# Query-replace-regexp alternative capable of handling nested braces?

## TL;DR

Is there some method in Emacs to replace text with nested braces/parentheses?

## Example

\dchi{ARG1}{ARG2}


by

\chi^{ARG2}(ARG1)


For simple cases, this is easily be done with query-replace-regexp,

(query-replace-regexp
"\\\\dchi{\$$?1:.*?\$$}{\$$?2:.*?\$$}"
"\\\\chi^{\\2}(\\1)")


This will however choke on nested-braces structures.

Before replacement:   \dchi{\xx{0}{2}}{\yy}
Obtained replacement: \chi^{2}(\xx{1)}{\yy}
Wanted replacement:   \chi^{\yy}(\xx{0}{2})


Another example would be refactoring function calls with sub-calls, e.g.

Pattern             f1(ARG1, ARG2, ARG3, ARG4)
Replace by          f2(ARG4, ARG3, ARG2, ARG1)

Text with nesting   f1(A, B, f3(C, D), E)
Wanted replacement  f3(E, f3(C, D), B, A)
Likely result       f3(D, f3(C, B, A), E)


As I understand, this is simply a case, that goes beyond the capabilities of regular expressions (“they don't count”).

Such one-off use-cases typically are too easily fixed by hand to warrant writing a script that does the brace-matching, yet enough effort to be annoying.

Is there some other tool in emacs, that can help in such cases, or a shell-utility, that makes such generalized-regexp situations easier than writing a script froms scratch?

This is a situation where I'd prefer to use a macro. Start your macro by searching forward to the beginning of your match, then perform generalized actions using methods like forward|backward-sexp, move-end-of-line, to create movements that are syntax aware but not specific to a set or count of characters. I often make great use of the mark to save a position that I can pop back to later in the macro.

Here is an example of using a macro to solve your first problem:

My macro consisted of the following actions:

• search forward to the next dhci
• move the the beginning of the search result
• delete one char (d)
• move forward 3 chars
• insert ^
• start my region
• move forward one expression using forward-sexp, which is smart about brackets)
• kill my region (copy the brackets around ARG1)
• move forward one expression (go behind the end bracket of ARG2)
• yank my kill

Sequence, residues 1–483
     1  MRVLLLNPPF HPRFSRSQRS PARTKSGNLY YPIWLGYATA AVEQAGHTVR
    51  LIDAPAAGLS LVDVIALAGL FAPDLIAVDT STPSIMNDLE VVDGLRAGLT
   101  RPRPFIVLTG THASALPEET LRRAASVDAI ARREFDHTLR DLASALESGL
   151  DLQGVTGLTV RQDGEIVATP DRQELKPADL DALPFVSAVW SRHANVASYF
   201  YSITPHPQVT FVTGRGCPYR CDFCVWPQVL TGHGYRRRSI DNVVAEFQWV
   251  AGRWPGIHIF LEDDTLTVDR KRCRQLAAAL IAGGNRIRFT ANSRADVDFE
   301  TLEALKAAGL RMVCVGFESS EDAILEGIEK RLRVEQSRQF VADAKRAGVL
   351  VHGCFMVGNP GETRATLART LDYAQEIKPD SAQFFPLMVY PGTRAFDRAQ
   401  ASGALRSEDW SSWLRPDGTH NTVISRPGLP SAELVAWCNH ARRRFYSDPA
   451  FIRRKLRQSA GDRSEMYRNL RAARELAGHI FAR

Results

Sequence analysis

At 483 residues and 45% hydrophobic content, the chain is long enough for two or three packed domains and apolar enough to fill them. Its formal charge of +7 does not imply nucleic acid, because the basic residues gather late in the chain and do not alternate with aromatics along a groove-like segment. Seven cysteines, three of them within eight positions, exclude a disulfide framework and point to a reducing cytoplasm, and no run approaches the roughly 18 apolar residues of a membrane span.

• mark my current position
• move backward one expression
• delete one character and insert a left paren
• pop back to my previous position
• delete the previous character and replace with a right paren
• end macro

You can see that even though the contents of the two bracketed areas differ greatly from instance to instance, and even though the location and surrounding text is very different, the macro applies to each desired location correctly.

Here's a PEG parser that defines a subset of LaTeX syntax rules and generates a tree representing the LaTeX source:

(defun latex-parse-tree (input)
(peg-parse-string
((s latex-fn (a -- a))
(latex-fn latex-fname (list (+ latex-curlies))
(fn arg -- (list :func fn :args arg)))
(latex-fname "\\" latex-word (a -- a))
(latex-word (substring (and [alpha] (* [alnum])))
(a -- (list :name a)))
(latex-curlies
(or (and "{}" (-- (list :opts nil)))
(and (list "{" latex-arg (* (and "," latex-arg)) "}")
(a -- (list :opts a)))))
(latex-arg (or latex-word latex-fn) (a -- (list :argument a))))
input))

(pp (latex-parse-tree "\\foo{bar}"))
"((:func
(:name \"foo\")
:args
(:opts
((:argument
(:name \"bar\"))))))
"

(pp (latex-parse-tree "\\foo{\\bar{}}"))
"((:func
(:name \"foo\")
:args
(:opts
((:argument
(:func
(:name \"bar\")
:args
(:opts nil)))))))
"
(pp (latex-parse-tree "\\foo{\\bar{},\\baz{}}"))
"((:func
(:name \"foo\")
:args
(:opts
((:argument
(:func
(:name \"bar\")
:args
(:opts nil)))
(:argument
(:func
(:name \"baz\")
:args
(:opts nil)))))))
"


You can then use this to perform arbitrary operations on LaTeX source (well, you'd still need to modify this to handle the full LaTeX language). As in the example below.

Or, use this code itself as an example and just make it solve your specific problem:

(defun latex--dchi->chi (input)
(car
(peg-parse-string
((s latex-fn (a -- a))
(latex-fn latex-fname latex-curlies latex-curlies
(fn opts args -- (if (string= fn "dchi")
(format "\\chi^{%s}(%s)" args opts)
(format "\\%s{%s}{%s}" fn opts args))))
(latex-fname "\\" latex-word (a -- a))
(latex-word (substring (and [alpha] (* [alnum]))) (a -- a))
(latex-curlies
(or (and "{}" (-- nil))
(and "{" latex-arg (* (and "," latex-arg)) "}" (a -- a))))
(latex-arg (or latex-word latex-fn) (a -- a)))
input)))

(defun latex-dchi->chi (start end)
(interactive "rReplace \\dchi{ARG1}{ARG2} -> \\chi^{ARG1}(ARG2)")
(setq end (min (1- (point-max)) end))
(save-excursion
(while (< (point) end)
(let* ((start (1- (search-forward "\\")))
(body (buffer-substring-no-properties start end)))
(ignore-errors
(let ((rep (latex--dchi->chi body)))
(delete-region start (+ start (length rep)))
(insert rep)
(goto-char (+ start (length rep)))))))))


Since LaTeX grammar described in latex--dchi->chi is incomplete latex-dchi->chi needs some heuristics to try to apply the search on different fragments of the document. Since I don't really know the full grammar of LaTeX and implementing it would take a long time, I just search for the first instance of \ and try to match there. Note also that latex--dchi->chi may not recognize all cases where the substitution should be performed. For example, if an argument is anything but a latex-word (i.e. a letter followed by letters and numbers) or another LaTeX function, it will not match (mathematical expressions such as x+y, comments, such as %foo or even whitespace characters won't match). You can, of course improve this function to match any of those.